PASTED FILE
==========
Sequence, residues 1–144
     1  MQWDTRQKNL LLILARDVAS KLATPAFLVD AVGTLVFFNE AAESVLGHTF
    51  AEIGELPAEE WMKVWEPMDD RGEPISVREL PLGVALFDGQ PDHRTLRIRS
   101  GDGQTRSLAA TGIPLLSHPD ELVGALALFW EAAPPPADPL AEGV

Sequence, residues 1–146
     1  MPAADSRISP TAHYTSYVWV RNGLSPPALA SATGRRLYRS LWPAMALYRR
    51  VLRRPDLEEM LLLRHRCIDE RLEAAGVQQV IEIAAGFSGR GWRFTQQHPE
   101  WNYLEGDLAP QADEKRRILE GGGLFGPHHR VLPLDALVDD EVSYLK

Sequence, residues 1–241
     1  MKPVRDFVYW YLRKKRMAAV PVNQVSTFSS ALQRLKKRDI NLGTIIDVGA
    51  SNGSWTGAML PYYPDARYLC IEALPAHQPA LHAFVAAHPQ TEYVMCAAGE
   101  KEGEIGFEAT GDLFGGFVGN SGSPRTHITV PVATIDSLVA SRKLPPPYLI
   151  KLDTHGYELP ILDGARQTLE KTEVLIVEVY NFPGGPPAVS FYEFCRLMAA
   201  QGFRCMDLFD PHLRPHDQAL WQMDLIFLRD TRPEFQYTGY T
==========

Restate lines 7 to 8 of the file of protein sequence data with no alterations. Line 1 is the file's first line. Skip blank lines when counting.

    51  VLRRPDLEEM LLLRHRCIDE RLEAAGVQQV IEIAAGFSGR GWRFTQQHPE
   101  WNYLEGDLAP QADEKRRILE GGGLFGPHHR VLPLDALVDD EVSYLK